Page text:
China / Cover Story

The beginning of the end

By He Na (China Daily) Updated: 2015-08-19 07:45

 The beginning of the end

Lu Caiwen, a China Expeditionary Force veteran, often visits his fallen comrades at a memorial cemetery in Tengchong, Yunnan province. [Xue Dongmei / Xinhua]

The Chinese victory in a remote mountainous spot in southwestern China signaled the turning of the tide and the start of the endgame for the Japanese occupation of the country, as He Na reports from Tengchong, Yunnan province.

From the summit of Mount Laifeng, or "Rising Phoenix Mountain", one can see the whole of Tengchong, a county in southwestern Yunnan province, which sits along China's remote border with Myanmar.

Today, the mountain spot, a well-known tourist resort and center for weekend activities such hiking, trail-running and camping, seems idyllic, but a little more than 70 years ago it was a living hell.

At the lower levels of the mountain, the only indication of the area's turbulent history is a small commemorative stone that bears the inscription: "The main Anti-Japanese Battlefield in Dianxi" (the Chinese abbreviation for western Yunnan).

At the higher levels, however, the densely wooded hillside is pock-marked with numerous trenches, bunkers, tunnels and shell craters - old scars that tell of the fierce battles that took place during the War of Resistance Against Japanese Aggression (1937-45).

According to Li Zhicai, a researcher at the Baoshan City Museum, the defenses were dug and built by the Japanese after they occupied Tengchong in May 1942, and the interlocking subterranean network was so complex it took two years to build.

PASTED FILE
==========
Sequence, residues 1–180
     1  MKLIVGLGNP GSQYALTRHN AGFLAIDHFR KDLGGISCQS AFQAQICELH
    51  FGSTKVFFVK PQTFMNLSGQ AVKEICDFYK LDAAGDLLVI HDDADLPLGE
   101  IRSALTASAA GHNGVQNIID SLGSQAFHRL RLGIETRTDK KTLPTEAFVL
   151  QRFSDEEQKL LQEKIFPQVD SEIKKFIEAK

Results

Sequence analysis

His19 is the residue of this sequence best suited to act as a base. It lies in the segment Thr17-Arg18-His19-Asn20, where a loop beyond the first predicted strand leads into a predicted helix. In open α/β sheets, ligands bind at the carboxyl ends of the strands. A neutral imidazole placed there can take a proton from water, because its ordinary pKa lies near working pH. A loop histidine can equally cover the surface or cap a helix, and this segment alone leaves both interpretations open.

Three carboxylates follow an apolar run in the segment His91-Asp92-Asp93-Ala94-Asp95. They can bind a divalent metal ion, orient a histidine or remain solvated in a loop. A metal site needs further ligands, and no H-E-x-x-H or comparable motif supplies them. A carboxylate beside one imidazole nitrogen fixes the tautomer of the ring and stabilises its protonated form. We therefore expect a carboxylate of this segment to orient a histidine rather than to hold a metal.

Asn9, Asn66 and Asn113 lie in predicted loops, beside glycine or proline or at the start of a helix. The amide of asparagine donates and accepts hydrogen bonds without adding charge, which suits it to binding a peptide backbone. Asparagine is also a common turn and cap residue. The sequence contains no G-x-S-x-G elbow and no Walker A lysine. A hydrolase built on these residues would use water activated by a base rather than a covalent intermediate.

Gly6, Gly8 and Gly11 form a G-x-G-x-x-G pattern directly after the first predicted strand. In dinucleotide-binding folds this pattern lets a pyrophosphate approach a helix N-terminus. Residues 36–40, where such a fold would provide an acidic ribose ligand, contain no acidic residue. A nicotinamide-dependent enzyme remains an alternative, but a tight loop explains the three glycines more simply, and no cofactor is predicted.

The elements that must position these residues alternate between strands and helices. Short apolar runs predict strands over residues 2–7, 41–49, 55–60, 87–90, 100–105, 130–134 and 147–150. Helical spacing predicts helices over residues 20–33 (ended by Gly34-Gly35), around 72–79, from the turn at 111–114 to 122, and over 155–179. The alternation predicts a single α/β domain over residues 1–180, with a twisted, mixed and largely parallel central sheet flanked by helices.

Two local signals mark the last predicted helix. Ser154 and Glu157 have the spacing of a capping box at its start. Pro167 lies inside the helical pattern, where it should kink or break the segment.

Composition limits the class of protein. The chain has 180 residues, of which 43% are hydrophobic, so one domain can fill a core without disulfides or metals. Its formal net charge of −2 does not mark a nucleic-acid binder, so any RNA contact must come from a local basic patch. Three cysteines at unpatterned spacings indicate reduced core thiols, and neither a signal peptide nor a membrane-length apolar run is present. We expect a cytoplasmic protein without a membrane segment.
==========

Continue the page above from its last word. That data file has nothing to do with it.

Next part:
"Nowadays the summit is covered by huge, dense trees, but during the war the Japanese cut down the trees on the summit to improve visibility and make the mountain a better defensive position," Li said.

"In July 1944, the China Expeditionary Force carried out a massive counterattack in Dianxi, launching two major offensives to capture the mountain. The victory cost the lives of 10,000 CEF soldiers," he said.

The anti-fascist front

The outbreak of the war in the Pacific in December 1941 saw the Japanese launch attacks across Southeast Asia. They quickly occupied several countries, including the Philippines, Thailand and Malaysia, and also threatened the safety of Myanmar (then known as Burma) and Southwest China.

"On Jan 1, 1945, China, the United States and 24 other countries reached an agreement to establish an international anti-fascist front. In March, the 100,000-strong CEF was formed to fight alongside the British army in Myanmar and to defend China's southwestern regions," said Wu Baozhang, professor of history at Yunnan Normal University.

"However, misunderstandings and mutual suspicions hindered the operations, and the expedition failed. The CEF was forced to with draw to India, which meant Myanmar and large parts of western Yunnan fell into Japanese hands," he added.

The situation entered a stalemate as Chinese and Japanese forces faced each other across the Nujiang River until the middle of 1944.

"May 1944 to January 1945 was the time of the great counterattack. About 200,000 soldiers, mainly from the (Kuomintang) 11th and 20th group armies, re-formed the CEF to launch a counterattack. After more than eight months of fierce fighting, the CEF successfully performed a pincer movement with US troops and retook Mongyu, a town in Myanmar, on Jan 27. That marked the final victory in the war in Dianxi," Wu said.

The Battle of Laifeng Mountain is one of the best-known encounters from the period.

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